Zurich Forensic Science Institute

FOR-UT

Accidents/Technology

It Doesn't Always Have to Be a Crime

Physical and transient evidence is not just useful for identifying offenders and solving crimes. The Accidents/Technology Department uses such evidence to determine the causes of accidents and reconstruct their circumstances and timeline.

Specialist Unit Areas of Expertise

The Accident Analysis Unit assumes evidential duties following traffic accidents, accidents in the workplace, air traffic accidents, etc. Relevant evidence might include traces of material transfers on safety belts (automobiles), the functional state of headlamps at the time of the accident, or traces of paint transfer left on vehicles involved in a crash.

The calculation of speed and braking distance is one of the standard duties assigned to the accident investigator. The laws of physics make it possible to reconstruct the circumstances of an accident and conduct collision analyses based on detailed surveys of the scene (photographs, photogrammetry, and scans).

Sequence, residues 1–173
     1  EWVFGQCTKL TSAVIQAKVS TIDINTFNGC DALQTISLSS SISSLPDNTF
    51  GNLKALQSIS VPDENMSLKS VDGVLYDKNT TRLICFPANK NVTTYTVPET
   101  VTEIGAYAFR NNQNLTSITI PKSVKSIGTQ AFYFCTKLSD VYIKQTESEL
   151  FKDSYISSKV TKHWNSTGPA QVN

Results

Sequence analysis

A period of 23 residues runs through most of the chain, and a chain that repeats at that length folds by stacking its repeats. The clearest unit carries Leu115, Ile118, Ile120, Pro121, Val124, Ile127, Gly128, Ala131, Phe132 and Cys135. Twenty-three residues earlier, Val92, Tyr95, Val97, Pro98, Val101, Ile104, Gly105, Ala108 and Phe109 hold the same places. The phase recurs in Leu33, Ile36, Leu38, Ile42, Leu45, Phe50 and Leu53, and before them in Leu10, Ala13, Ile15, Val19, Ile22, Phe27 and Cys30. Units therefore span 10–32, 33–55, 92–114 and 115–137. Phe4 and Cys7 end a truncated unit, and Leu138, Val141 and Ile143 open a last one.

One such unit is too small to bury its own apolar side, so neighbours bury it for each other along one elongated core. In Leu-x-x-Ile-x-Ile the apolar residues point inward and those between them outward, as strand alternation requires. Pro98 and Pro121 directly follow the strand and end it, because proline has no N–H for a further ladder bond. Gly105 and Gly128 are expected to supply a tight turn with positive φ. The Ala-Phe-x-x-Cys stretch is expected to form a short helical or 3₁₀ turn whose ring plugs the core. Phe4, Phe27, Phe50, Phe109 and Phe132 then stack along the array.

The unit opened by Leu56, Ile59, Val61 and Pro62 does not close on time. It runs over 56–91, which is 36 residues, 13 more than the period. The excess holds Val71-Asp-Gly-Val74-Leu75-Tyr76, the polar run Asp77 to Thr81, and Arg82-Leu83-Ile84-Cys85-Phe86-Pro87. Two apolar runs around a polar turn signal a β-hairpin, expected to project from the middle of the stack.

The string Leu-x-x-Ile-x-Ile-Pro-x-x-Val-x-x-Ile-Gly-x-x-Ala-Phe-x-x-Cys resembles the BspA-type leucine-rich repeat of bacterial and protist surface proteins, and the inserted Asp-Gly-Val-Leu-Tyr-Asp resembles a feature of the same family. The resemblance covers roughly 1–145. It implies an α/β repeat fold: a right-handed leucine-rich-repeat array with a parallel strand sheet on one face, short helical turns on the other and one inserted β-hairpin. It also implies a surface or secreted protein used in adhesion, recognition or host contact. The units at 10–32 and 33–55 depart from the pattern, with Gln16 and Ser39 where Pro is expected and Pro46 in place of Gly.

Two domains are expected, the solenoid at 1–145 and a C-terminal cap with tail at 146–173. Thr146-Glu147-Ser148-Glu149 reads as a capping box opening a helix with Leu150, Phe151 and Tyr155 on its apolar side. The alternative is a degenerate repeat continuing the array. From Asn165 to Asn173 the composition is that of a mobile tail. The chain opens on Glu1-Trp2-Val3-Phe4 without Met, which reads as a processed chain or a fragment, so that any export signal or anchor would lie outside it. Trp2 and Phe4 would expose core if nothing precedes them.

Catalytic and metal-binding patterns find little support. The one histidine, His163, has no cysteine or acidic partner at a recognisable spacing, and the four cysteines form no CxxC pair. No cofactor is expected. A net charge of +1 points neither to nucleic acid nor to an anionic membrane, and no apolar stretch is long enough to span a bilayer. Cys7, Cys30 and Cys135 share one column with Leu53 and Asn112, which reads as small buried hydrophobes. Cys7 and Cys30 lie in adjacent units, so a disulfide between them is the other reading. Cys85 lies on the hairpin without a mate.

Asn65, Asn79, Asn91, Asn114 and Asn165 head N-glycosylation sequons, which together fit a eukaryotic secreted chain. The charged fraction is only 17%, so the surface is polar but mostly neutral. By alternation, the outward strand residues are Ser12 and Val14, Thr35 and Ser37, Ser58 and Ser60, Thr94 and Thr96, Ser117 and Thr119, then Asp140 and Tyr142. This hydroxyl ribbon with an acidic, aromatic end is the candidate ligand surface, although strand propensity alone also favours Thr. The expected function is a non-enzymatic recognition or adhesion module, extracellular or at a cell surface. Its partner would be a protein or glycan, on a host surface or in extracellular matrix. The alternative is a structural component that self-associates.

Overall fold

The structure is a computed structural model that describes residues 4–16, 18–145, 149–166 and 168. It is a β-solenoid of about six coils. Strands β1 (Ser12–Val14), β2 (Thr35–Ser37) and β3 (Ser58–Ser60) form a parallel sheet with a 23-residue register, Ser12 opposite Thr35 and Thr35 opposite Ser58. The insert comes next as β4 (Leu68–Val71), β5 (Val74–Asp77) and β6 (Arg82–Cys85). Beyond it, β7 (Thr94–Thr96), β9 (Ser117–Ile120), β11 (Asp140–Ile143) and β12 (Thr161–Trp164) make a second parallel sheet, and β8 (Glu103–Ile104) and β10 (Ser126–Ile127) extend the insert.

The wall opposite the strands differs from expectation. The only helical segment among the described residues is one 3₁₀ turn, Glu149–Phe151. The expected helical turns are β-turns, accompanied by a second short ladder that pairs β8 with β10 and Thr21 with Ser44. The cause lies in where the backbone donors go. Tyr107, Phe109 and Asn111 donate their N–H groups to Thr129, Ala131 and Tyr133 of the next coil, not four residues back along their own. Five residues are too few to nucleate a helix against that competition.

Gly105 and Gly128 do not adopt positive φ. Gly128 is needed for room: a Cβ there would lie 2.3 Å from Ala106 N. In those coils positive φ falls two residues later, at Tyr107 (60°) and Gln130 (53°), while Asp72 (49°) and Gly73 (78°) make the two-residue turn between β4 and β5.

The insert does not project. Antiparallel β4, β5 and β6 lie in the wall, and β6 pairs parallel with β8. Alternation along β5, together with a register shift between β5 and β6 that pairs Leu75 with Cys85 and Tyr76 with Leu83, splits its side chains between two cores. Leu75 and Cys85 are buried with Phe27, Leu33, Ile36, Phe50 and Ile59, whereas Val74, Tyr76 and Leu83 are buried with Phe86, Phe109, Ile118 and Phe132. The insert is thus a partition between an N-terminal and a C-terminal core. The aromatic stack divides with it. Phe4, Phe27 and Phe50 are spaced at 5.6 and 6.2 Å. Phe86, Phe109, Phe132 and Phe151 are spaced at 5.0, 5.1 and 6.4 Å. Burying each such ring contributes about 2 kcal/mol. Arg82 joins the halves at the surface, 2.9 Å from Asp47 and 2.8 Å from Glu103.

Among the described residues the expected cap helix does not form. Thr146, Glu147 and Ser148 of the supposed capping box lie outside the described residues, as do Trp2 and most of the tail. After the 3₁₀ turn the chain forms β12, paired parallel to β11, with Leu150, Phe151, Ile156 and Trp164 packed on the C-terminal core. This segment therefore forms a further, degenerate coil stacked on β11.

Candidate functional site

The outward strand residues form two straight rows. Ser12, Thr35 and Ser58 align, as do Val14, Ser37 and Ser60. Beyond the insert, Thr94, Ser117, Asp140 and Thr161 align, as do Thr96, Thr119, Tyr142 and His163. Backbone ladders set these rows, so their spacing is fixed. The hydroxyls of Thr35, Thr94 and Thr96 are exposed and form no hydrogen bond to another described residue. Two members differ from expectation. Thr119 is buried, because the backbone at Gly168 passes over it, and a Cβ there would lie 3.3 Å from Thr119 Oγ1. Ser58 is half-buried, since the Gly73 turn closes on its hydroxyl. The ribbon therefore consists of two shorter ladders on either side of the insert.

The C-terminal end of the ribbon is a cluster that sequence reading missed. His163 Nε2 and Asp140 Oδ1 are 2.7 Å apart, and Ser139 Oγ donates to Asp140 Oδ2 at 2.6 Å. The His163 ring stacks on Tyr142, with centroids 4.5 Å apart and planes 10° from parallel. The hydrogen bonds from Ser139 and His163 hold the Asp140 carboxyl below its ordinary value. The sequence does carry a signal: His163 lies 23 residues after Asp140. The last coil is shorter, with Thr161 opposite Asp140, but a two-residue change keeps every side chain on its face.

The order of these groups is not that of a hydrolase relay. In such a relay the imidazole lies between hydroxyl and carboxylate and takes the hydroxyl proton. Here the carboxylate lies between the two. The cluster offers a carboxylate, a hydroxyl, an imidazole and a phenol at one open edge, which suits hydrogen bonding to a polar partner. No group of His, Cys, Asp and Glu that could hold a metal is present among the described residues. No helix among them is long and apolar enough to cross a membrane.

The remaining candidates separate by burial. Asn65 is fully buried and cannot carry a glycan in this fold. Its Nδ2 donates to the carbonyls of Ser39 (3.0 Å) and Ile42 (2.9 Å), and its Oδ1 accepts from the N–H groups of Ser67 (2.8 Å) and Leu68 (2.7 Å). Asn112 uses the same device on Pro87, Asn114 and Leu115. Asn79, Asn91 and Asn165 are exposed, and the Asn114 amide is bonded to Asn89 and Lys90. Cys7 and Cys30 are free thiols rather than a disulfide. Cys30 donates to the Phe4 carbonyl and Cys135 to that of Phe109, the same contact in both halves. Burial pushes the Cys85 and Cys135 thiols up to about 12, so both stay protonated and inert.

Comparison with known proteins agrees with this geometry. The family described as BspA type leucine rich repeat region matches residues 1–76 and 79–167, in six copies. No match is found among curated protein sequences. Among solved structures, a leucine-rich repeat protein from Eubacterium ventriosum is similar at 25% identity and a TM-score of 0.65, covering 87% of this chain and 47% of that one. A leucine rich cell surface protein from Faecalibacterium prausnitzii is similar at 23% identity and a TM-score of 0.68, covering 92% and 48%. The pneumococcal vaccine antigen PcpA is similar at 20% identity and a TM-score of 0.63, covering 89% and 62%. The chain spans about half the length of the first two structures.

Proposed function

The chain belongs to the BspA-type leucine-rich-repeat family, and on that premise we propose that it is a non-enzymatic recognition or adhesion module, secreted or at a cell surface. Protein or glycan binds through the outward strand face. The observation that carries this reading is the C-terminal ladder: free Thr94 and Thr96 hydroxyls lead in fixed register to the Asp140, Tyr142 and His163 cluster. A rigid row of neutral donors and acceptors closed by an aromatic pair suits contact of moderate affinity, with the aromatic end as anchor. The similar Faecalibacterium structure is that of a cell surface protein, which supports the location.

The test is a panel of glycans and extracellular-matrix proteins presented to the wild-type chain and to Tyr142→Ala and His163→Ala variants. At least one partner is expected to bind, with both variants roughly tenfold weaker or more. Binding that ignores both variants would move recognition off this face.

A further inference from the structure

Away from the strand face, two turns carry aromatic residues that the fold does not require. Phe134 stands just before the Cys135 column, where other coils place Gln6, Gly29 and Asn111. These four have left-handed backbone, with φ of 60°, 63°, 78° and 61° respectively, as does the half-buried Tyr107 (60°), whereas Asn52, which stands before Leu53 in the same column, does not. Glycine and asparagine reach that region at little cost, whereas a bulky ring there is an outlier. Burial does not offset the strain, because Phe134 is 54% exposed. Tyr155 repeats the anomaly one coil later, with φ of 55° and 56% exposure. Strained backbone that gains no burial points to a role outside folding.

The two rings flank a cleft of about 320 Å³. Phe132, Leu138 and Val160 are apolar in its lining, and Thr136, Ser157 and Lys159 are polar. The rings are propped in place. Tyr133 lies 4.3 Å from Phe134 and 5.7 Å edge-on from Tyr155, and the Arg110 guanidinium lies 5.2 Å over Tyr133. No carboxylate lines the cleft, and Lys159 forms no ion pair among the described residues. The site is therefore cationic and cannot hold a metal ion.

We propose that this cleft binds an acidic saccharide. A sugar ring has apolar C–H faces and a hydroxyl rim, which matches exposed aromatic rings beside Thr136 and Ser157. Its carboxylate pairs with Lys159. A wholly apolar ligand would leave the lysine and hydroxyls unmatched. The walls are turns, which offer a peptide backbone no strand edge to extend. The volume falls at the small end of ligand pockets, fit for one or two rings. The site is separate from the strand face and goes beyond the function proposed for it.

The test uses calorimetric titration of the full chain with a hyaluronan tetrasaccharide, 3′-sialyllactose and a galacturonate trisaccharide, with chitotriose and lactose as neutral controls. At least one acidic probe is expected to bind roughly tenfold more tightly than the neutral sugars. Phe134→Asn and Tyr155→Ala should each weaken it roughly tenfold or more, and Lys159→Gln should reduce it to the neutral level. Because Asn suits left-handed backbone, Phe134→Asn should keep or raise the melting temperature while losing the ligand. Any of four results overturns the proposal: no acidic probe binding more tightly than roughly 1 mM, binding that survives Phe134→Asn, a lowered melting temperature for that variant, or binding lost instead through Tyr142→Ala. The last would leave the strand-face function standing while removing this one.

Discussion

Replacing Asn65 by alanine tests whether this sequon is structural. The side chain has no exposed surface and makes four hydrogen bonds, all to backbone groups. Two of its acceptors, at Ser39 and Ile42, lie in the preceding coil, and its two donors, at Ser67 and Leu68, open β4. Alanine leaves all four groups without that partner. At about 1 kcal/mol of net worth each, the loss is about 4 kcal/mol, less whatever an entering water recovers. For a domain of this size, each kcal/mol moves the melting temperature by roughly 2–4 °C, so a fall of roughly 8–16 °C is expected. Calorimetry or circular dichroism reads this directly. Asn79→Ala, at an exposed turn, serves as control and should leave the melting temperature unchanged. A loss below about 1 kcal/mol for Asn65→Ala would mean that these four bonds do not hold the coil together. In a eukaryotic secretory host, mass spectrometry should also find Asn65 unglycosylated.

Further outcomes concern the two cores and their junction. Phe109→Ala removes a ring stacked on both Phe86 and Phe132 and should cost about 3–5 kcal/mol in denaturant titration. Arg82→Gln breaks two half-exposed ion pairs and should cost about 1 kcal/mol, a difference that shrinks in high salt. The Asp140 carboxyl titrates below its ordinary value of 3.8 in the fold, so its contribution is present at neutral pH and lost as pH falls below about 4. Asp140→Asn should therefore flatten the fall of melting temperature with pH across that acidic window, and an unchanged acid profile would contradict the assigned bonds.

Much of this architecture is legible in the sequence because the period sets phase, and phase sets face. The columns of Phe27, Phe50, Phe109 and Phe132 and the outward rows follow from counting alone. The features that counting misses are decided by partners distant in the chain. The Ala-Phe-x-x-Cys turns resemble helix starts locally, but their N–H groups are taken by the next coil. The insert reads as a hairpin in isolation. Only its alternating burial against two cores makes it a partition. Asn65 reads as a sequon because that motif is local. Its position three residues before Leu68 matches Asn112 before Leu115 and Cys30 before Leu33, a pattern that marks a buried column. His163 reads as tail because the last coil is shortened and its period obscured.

The Electrical Engineering Unit is consulted when electrical sources or technical defects are suspected in the case of a fire or accident. Amateur electrical installations in particular are frequently the cause of electrical accidents with major consequences.

When Roman candles, firecrackers, and sparkler fountains are set off on August 1st, they have all been tested and screened by the Pyrotechnics Unit, which has the mandate of monitoring all pyrotechnic products destined for sale in Switzerland.

The Technical Development Unit's speciality is the development, testing, assessment, and evaluation of agents and materials utilised by law enforcement to protect against the effects of weapons. The unit also services and maintains special equipment (e.g. robots for bomb disposal) or designs them in order to operate custom-made devices.